It's been a while since the Sword Art Online incident, and the world has begun to move on. The new trend is augmented reality, a technology whose popularity has exploded following the release of a new augmented reality device called the Augma. But is the Augma really as safe as it seems?
Although virtual reality has dominated the marketplace for some time now, new competition has arrived in the form of a device called Augma. Augma utilizes augmented reality as an alternative to the previous "full dive" virtual reality. Whereas users previously had to go into a deep sleep to utilize virtual reality, with the Augma they can go about their daily lives in the real world while still accessing similar games and applications found in virtual reality. Because of the convenience of the system, many of its functionalities are already being adapted into normal life. Quite a few people have bought into the system, including many of Kirito and Asuna's friends. In fact, quite a few of the old Sword Art Online players are playing a new augmented reality MMO game called Ordinal Scale. In Ordinal scale, enemies spawn in real life through the lenses of the augmented reality gear and players' abilities are determined based on their world ranking. However, when old bosses from Sword Art Online begin to appear around Tokyo, Kirito begins to realize that there is more to this game than originally meets the eye.
How Was It?
Sword Art Online: Ordinal Scale is interesting to talk about because of the polarizing nature of the series. Although the anime is quite popular in the west, there have been quite a few criticisms leveled at it, and not without reason. Between this and the question of how the show can maintain high stakes now that the "death game" is over, both fans and not-fans alike might be wondering just how this new movie stacks up when compared to the original series. I saw Ordinal Scale in American theaters during its limited release, and my initial impression following the movie was that it was quite enjoyable. Of course, nothing is ever that simple.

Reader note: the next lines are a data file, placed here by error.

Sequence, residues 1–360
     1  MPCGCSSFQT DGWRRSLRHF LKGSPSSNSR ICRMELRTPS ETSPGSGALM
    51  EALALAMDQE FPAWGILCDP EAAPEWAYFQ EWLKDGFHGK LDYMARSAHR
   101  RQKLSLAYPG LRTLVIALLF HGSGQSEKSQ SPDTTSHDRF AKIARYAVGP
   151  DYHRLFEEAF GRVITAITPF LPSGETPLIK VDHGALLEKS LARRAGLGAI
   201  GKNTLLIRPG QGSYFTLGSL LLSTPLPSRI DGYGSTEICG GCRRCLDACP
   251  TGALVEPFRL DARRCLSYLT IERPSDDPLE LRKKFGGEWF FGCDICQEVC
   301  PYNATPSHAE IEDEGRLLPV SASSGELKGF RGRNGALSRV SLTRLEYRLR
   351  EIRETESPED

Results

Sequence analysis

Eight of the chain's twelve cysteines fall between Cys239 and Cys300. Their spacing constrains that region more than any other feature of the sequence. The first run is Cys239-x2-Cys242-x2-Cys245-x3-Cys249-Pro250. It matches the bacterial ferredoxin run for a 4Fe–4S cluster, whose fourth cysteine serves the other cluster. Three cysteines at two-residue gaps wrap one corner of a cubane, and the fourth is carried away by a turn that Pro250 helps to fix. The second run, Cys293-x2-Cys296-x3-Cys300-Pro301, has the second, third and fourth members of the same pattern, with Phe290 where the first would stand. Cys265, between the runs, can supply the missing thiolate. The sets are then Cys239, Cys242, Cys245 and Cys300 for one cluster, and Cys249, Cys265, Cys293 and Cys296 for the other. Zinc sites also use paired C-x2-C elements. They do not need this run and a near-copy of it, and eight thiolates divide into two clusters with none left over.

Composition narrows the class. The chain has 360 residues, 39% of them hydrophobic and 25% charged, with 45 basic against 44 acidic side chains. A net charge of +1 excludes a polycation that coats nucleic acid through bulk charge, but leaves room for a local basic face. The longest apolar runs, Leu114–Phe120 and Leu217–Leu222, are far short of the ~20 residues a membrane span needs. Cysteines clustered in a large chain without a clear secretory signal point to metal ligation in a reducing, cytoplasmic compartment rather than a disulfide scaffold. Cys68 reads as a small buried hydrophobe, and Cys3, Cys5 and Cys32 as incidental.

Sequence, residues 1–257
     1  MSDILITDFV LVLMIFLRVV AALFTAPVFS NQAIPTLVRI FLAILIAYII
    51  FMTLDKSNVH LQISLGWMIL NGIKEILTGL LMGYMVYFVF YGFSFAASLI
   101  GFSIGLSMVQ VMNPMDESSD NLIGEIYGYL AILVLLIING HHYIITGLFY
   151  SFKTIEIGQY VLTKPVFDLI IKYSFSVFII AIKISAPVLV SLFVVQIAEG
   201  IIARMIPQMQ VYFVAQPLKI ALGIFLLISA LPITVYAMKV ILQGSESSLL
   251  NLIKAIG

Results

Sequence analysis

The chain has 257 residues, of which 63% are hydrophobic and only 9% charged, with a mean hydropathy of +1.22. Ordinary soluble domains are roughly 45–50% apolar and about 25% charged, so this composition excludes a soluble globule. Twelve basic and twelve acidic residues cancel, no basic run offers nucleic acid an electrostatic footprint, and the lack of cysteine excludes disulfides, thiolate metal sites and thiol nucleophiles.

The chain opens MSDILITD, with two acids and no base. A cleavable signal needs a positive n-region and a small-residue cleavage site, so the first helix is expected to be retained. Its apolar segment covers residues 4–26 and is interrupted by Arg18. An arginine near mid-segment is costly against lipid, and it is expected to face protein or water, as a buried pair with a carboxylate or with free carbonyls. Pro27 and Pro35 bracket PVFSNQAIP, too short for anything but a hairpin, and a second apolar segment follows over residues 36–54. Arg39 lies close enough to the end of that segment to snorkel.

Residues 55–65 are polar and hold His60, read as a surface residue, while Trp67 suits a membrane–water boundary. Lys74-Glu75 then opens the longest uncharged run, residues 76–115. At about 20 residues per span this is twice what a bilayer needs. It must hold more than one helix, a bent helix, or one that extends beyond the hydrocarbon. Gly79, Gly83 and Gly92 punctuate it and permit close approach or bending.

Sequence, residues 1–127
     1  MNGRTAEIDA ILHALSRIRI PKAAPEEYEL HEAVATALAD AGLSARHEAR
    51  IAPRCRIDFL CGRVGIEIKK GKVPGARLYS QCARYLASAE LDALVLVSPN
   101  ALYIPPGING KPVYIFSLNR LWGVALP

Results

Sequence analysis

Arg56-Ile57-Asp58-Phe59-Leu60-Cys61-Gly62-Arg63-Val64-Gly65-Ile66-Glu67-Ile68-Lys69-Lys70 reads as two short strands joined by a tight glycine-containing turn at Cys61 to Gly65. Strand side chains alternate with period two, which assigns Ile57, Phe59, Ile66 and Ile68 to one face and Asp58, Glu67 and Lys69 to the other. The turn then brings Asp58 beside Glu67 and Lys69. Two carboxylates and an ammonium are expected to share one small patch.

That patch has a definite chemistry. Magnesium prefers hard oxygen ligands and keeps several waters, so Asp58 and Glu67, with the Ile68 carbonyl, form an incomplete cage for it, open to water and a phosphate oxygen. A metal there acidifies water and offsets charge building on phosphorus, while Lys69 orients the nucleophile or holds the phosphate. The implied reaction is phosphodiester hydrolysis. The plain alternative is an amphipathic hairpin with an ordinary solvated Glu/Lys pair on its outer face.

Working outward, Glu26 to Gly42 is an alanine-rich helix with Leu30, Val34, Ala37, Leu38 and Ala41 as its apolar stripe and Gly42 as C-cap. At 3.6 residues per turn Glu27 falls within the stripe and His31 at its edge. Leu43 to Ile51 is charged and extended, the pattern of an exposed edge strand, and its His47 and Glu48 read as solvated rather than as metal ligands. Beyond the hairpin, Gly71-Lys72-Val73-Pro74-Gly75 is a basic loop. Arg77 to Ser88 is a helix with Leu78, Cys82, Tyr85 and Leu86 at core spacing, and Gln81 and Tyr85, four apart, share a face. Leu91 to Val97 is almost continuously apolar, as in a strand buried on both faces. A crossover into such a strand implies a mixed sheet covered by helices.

It's been a little while since the events of the Sword Art Online incident by the start of the movie, and society is beginning to quite literally put the entire thing into the history books now. However, for those who were unwitting participants in the game, their experiences have become a part of them. The way that the SAO veterans interact with their memories of the game is a core focus of the story in the movie and a driving point of the plot. Ordinal Scale's new brand of augmented reality MMO gameplay is a highly attractive offering for grizzled Sword Art Online veterans, and Kirito's friends are no exception. Despite being trapped and forced to play a similar game for two years, players are still drawn to Ordinal Scale. This relationship between Sword Art Online players and new games isn't a new concept in Ordinal Scale; the second half of the first season and the second season explored a similar phenomenon in different games. However, Ordinal Scale focuses much more fervently on this plot point. While there is a conflict in the story, most of the conflict is centered around Sword Art Online and how it continues to shape the lives of those who took part in it.
One example on a more specific level is Kirito and Asuna's relationship, something to which Ordinal Scale pays particularly close attention. Kirito and Asuna met and grew close to each other during their time playing Sword Art Online, and these shared experiences form the backbone of their relationship. But it's more complicated to see how their relationship progresses in the real world beyond Sword Art Online, especially when Sword Art Online and the real world begin to mix thanks to Ordinal Scale. If you're thinking that this focus means more screen time for Asuna, you would be correct. In fact, the first half of the movie almost exclusively focuses on Asuna. Her dynamic with Kirito and how their past experiences with each other mix with their present ones are central to their characters in the movie. However, I wouldn't really go as far as to say that they particularly progress as characters. The movie opts to flesh out the story of Sword Art Online without really trying to change any of its pre-established characters in any particular way outside of their relationships with each other. This actually works quite well, since the focus on relationships and new characters are easily built upon from the foundation that already exists in the series.